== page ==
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Shadows of pain

Chapter in book
Authors Leila Papoli-yazdi
Published in book: Archaeologies of Totalitarianism, Authoritarianism, and Repression: Dark Modernities
Publisher Palgrave MacMillan
Publication year 2020
Published at Department of Historical Studies
Language en
Keywords Egalitarianism, archaeology under dictatorship, Iran
Subject categories Archaeology, Archaeology, Non-European, History and Archaeology

Abstract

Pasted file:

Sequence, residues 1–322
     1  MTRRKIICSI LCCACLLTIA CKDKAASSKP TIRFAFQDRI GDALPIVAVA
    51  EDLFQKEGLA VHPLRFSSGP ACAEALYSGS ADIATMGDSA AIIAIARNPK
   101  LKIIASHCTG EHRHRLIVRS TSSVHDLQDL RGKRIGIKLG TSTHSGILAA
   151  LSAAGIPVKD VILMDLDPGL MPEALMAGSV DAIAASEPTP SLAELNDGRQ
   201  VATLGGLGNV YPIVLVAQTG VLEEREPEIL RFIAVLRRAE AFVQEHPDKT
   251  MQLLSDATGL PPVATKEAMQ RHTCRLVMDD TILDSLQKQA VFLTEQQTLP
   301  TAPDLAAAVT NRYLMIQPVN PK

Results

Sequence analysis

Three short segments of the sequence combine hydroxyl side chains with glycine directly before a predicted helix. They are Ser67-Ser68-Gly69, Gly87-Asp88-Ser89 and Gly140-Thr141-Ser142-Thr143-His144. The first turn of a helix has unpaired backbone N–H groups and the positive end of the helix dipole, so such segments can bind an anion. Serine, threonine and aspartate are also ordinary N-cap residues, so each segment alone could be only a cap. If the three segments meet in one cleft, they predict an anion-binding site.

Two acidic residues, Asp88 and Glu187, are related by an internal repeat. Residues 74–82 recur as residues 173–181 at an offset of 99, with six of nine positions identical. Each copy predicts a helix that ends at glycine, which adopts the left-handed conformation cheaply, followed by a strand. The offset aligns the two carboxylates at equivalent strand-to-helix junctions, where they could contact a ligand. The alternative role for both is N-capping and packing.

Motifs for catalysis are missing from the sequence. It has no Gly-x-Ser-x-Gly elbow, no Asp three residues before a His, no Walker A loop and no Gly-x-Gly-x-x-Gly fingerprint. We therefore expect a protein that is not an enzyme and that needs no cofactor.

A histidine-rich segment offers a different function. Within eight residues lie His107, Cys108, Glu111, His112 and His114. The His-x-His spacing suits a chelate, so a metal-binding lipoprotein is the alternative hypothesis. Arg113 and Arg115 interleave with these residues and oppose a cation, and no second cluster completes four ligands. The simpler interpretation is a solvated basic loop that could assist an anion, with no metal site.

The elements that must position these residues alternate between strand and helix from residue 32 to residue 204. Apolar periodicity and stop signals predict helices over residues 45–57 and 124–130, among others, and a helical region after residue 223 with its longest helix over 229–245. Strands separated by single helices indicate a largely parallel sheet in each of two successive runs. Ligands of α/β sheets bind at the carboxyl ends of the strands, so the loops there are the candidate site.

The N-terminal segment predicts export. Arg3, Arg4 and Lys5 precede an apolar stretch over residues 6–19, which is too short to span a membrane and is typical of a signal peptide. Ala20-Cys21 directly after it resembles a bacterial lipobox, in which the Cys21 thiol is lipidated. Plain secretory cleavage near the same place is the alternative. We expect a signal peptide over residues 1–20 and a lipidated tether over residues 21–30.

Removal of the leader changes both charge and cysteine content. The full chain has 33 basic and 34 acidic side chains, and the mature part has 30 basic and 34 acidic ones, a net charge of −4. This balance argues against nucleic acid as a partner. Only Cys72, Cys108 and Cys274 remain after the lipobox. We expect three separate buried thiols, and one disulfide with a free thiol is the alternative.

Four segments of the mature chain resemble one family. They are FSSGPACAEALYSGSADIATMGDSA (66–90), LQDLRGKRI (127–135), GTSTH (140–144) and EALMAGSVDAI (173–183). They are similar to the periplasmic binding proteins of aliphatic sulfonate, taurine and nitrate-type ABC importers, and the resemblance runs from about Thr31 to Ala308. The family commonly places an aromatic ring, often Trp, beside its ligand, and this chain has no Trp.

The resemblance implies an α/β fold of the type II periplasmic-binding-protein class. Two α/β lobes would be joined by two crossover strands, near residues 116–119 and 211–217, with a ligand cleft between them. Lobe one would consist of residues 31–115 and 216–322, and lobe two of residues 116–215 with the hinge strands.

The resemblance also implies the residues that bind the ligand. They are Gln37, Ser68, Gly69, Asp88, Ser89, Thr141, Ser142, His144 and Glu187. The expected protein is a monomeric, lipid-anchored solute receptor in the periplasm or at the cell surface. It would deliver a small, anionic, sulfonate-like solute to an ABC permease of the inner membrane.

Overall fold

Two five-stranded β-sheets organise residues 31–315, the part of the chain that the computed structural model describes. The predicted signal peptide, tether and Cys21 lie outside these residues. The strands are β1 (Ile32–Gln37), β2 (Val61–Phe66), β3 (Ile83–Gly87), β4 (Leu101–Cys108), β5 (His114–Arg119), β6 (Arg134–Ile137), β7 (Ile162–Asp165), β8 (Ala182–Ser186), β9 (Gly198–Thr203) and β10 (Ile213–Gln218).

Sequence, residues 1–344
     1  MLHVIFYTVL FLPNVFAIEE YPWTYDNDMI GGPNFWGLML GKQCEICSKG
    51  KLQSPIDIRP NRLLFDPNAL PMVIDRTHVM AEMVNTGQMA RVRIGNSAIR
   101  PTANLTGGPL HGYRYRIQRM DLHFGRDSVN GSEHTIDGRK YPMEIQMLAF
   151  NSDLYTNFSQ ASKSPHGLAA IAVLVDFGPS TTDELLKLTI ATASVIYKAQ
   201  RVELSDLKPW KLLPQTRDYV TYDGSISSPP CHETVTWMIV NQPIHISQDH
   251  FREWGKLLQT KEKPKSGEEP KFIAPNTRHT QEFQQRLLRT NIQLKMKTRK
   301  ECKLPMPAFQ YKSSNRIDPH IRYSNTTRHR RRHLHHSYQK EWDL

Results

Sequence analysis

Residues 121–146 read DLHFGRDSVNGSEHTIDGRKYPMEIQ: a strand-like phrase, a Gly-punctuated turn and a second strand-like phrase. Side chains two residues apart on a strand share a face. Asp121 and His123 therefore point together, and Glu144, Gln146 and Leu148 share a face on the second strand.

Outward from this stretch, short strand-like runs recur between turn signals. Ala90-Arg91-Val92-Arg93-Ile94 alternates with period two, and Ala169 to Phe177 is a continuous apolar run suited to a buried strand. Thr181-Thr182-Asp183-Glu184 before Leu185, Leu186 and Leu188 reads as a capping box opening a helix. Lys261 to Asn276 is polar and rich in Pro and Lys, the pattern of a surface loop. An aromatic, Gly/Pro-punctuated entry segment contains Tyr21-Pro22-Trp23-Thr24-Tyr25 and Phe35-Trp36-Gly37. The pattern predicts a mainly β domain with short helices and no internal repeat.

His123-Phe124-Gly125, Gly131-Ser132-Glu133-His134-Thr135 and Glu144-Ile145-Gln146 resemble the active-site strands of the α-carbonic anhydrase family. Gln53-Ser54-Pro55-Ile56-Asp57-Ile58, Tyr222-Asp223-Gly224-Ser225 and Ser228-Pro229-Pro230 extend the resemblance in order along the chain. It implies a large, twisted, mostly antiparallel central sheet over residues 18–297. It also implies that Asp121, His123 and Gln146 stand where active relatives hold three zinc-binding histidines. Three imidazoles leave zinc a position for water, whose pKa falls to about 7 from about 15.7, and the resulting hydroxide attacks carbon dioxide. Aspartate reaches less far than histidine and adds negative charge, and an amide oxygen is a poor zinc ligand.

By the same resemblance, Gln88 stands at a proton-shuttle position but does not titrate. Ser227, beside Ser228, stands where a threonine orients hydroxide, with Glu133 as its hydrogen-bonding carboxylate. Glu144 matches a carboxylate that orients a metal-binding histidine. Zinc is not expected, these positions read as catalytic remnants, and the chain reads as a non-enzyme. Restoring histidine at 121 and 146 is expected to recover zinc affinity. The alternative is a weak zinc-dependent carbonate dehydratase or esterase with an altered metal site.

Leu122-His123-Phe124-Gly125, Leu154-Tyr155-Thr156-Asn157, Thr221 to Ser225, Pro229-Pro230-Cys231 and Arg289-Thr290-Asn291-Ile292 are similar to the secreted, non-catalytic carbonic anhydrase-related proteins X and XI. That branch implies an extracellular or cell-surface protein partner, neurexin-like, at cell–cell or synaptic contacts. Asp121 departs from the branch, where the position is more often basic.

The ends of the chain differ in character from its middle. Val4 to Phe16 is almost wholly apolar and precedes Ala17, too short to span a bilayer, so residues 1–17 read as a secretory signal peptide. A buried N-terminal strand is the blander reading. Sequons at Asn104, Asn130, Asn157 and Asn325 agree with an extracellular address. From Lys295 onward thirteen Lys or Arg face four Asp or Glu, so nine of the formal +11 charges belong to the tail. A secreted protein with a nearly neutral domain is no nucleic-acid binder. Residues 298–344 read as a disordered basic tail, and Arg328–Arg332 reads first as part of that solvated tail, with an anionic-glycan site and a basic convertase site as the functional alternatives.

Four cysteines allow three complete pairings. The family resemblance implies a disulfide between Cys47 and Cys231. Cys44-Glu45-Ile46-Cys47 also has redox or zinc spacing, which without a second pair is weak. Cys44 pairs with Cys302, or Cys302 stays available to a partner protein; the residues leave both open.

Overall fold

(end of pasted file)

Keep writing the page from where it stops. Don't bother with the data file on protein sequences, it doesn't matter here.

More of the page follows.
There is a great difference between working on and working under totalitarian government. For me as an archaeologist of recent past, both have happened. Evidently, I am an archaeologist working on totalitarian methods of oppression living most of my life under the tyrannical political context of Iran. To elucidate the case, I analogize the archaeologist of modernity living under a totalitarian state to be seemed like Pandora holding her box in which the stories of many sufferings have been hidden. In contrast, the brutal state may to achieve the archaeologist’s box using oppression and violence against him/her. Opening the box, literally writing or speaking about the stories kept in it in public, would increase the danger of being suppressed. In such a condition, the archaeologist would have two straight ways to choose, the first one is to ignore the brutality of the system and adopt his/her methods to work on safe topics mostly proposed and funded by the governmental institutions while the second way is to accept the penalty of being independent and pay the price of working on tyranny. It is more than a decade that I have chosen the second path. Frankly, years ago I had no clear idea how this option would change my life but today, I have a clear image of it which may be awkward. This choice has made me both the object and subject of my own researches. Here, in this chapter I am going to open my Pandora box and share with broader readers what would happen for an archaeologist of modernity under totalitarianism. I do not intend to narrate a personal story but factually, I am going to excavate my own life to present the evidences and patterns of oppression for other scholars working on or under tyranny.

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